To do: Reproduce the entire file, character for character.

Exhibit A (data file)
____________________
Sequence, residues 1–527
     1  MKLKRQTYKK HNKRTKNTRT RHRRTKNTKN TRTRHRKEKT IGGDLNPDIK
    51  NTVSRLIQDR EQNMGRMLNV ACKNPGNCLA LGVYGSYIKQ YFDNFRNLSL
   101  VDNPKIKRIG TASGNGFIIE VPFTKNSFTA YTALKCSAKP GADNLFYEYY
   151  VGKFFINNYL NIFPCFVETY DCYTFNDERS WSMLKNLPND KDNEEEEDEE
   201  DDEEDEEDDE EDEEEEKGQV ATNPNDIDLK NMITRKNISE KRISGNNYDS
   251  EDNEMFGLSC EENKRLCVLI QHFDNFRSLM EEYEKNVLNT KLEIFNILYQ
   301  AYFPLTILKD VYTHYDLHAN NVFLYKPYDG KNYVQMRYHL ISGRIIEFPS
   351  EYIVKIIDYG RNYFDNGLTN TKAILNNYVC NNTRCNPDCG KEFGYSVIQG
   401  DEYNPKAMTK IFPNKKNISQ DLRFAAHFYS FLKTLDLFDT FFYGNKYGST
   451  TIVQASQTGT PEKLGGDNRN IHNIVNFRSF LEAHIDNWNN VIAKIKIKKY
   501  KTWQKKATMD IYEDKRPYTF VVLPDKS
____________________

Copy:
Sequence, residues 1–527
     1  MKLKRQTYKK HNKRTKNTRT RHRRTKNTKN TRTRHRKEKT IGGDLNPDIK
    51  NTVSRLIQDR EQNMGRMLNV ACKNPGNCLA LGVYGSYIKQ YFDNFRNLSL
   101  VDNPKIKRIG TASGNGFIIE VPFTKNSFTA YTALKCSAKP GADNLFYEYY
   151  VGKFFINNYL NIFPCFVETY DCYTFNDERS WSMLKNLPND KDNEEEEDEE
   201  DDEEDEEDDE EDEEEEKGQV ATNPNDIDLK NMITRKNISE KRISGNNYDS
   251  EDNEMFGLSC EENKRLCVLI QHFDNFRSLM EEYEKNVLNT KLEIFNILYQ
   301  AYFPLTILKD VYTHYDLHAN NVFLYKPYDG KNYVQMRYHL ISGRIIEFPS
   351  EYIVKIIDYG RNYFDNGLTN TKAILNNYVC NNTRCNPDCG KEFGYSVIQG
   401  DEYNPKAMTK IFPNKKNISQ DLRFAAHFYS FLKTLDLFDT FFYGNKYGST
   451  TIVQASQTGT PEKLGGDNRN IHNIVNFRSF LEAHIDNWNN VIAKIKIKKY
   501  KTWQKKATMD IYEDKRPYTF VVLPDKS